Despite falling prices at petrol stations, annual consumer price inflation in Ireland hit 7% in April, a 22-year high.

IRISH CONSUMER PRICES rose an average of 7% in the 12 months to April, the fastest pace in nearly 22 years, from 6.7% in the year to March.

Consumer price inflation has now been rising at an annual rate of 5% or more since October 2021, according to the Central Statistics Office (CSO).

Economists at the Institute for Economic and Social Research and the Central Bank of Ireland expect annual inflation to peak between 8% and 8.5% in the summer, before falling.

However, the CSO’s April Consumer Price Index (CPI) shows that the monthly inflation rate slowed significantly last month. Prices increased by an average of 0.9% in April compared to 1.9% in March.

Transport prices, the second biggest contributor to annual Irish inflation, rose 17.1% in the year to April, although prices at petrol stations started to fall last month.

Gasoline prices, which rose nearly 24% from last April, fell 6.4% in April. Diesel prices, which rose more than 40% in 12 months, fell 2.8% in the month.

This is in line with global crude oil prices, which have fallen in recent weeks from record highs seen in the immediate aftermath of the Russian invasion of Ukraine.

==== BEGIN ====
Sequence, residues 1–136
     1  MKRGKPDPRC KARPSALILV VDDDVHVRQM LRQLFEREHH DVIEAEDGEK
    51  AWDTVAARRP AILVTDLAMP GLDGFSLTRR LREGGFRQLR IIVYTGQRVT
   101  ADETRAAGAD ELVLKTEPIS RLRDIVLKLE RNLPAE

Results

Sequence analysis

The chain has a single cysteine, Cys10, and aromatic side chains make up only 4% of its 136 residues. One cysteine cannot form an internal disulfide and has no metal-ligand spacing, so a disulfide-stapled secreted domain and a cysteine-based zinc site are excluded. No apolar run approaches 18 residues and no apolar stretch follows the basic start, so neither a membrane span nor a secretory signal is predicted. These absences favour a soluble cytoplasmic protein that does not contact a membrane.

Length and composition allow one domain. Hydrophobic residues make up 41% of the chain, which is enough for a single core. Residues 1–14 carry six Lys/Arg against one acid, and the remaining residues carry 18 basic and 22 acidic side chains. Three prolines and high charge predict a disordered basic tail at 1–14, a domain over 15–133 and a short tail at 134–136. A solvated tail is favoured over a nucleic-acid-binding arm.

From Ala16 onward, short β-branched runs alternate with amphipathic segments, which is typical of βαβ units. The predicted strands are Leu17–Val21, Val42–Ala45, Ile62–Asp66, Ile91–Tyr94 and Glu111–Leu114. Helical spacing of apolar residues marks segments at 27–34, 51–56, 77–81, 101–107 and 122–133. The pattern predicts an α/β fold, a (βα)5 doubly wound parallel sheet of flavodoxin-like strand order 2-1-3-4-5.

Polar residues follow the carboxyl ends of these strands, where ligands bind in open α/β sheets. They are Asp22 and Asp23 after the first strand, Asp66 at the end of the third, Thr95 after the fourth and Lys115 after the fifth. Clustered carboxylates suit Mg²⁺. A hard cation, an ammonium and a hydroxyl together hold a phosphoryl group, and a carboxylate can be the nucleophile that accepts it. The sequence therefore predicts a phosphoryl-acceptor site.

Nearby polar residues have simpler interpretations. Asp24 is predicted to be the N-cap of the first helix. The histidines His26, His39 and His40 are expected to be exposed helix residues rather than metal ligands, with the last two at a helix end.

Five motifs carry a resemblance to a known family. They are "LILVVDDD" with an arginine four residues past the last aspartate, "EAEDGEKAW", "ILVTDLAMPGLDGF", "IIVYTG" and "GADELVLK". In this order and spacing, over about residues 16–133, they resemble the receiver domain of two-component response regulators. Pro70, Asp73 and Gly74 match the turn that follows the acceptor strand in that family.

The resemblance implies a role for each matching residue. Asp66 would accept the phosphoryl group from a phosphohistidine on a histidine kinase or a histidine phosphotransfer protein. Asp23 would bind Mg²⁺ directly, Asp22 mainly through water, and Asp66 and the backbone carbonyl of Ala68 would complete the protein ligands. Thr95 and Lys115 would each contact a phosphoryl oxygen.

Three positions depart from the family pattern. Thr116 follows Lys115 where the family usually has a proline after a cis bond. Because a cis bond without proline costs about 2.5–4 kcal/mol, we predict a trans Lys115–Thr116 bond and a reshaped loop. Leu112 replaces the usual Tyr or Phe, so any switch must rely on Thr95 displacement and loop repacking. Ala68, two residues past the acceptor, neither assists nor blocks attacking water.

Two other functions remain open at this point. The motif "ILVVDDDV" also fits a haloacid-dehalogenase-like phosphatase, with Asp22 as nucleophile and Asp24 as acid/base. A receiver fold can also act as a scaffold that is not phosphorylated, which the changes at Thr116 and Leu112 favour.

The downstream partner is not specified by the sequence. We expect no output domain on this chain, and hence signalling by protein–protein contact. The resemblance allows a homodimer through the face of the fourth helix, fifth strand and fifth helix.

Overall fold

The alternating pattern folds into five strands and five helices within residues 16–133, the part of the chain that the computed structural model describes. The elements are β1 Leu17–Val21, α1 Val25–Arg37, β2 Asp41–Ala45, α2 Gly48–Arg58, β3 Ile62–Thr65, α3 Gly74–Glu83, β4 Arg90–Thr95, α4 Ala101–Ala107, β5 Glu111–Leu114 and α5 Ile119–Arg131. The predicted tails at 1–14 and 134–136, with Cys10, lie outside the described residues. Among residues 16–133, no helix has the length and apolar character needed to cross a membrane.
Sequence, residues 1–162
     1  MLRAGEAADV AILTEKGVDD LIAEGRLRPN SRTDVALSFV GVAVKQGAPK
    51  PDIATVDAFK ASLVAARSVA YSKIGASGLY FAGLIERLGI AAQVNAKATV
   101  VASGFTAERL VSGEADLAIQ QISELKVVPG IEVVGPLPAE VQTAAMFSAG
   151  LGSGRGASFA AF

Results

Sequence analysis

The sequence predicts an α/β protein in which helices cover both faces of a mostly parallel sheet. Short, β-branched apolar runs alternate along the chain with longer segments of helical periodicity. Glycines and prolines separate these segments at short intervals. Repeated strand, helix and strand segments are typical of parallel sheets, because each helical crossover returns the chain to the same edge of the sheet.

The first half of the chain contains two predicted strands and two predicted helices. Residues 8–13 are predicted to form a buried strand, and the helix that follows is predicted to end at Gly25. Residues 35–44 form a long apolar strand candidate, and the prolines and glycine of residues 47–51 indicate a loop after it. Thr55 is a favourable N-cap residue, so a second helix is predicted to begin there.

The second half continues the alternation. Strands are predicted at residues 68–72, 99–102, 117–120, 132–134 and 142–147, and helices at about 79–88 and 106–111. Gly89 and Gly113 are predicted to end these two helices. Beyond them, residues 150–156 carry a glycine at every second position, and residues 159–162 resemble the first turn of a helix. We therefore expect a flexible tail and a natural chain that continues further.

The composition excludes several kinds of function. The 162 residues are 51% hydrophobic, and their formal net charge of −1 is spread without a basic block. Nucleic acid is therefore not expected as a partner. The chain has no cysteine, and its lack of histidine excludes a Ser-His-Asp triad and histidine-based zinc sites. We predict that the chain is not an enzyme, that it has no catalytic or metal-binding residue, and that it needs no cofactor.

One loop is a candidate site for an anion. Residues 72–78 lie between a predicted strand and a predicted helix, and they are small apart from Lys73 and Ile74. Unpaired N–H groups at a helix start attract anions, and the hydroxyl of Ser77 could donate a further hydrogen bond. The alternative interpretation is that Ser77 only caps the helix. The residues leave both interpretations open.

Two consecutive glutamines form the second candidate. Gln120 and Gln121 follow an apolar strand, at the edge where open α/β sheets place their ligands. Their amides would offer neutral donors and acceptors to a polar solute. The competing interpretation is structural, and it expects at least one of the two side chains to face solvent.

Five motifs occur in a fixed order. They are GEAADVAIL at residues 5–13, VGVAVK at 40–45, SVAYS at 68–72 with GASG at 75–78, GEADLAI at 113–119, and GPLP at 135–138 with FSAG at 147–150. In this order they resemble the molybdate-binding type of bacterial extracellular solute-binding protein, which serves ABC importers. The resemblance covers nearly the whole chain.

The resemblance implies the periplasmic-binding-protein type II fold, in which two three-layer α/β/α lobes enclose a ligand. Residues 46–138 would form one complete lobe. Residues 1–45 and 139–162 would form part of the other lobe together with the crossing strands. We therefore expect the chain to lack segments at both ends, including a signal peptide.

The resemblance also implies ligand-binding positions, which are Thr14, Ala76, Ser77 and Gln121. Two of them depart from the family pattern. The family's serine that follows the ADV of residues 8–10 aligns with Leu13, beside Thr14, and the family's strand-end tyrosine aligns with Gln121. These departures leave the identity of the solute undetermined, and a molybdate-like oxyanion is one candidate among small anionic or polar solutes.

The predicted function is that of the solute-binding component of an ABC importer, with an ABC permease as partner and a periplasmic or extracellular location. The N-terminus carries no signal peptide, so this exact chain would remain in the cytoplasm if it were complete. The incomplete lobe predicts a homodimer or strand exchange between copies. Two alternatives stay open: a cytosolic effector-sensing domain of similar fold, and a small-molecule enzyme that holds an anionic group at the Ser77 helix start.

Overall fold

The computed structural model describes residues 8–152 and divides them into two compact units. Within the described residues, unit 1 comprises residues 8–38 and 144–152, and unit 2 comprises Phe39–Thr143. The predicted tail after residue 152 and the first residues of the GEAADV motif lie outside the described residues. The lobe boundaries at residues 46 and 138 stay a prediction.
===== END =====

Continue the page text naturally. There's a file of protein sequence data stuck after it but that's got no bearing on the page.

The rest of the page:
House prices, water, gas and electricity continue to be the largest contributors to annual inflation, the CSO said, at more than 2.7% of the total.

Against the backdrop of rising global natural gas prices, the cost of goods in this category rose nearly 19% in the year to end-April, according to the CPI.

Natural gas prices have risen 53.7% in the last 12 months and 20.6% between March and April amid the war in Ukraine, which has put significant upward pressure on prices.

#open journalism

No news is bad news
Support the journal

Their contributions will help us continue to deliver the stories that matter to you

support us now

Roughly half of Ireland’s electricity supply is generated by natural gas, which has prompted utilities to raise prices in recent months. As a consequence, electricity prices have risen 27.8% in the 12 months to the end of April and 7.5% in the past month alone.

Although slightly lower than the euro zone average of 7.5% last month, said CSO statistician Colin Cotter, the annual increase in prices through last month is “the largest seen in almost 22 years, when inflation annual also stood at 7.0% in November 2000″.

Commenting on the statement, he added: “The CSO also made available today the national average prices for selected goods and services from the CPI for March 2022 and they show diesel at €1.95 per liter and petrol at €1.93 per liter. € per liter increased by 61.3 cents per litre. liter (+46.0%) and 50.4c per liter (+35.3%) respectively between March 2021 and March 2022.

“As for some staples, the national average price of bread (large (800g) sliced ​​white bread) increased 12.9 cents in the year to March 2022, while the same size sliced ​​brown bread increased 22 cents. .2 cents in the year. Fresh salmon per kg decreased by 12.1 cents in the year, while the average price of 2.5 kg of potatoes decreased by 9.9 cents.”

Add Comment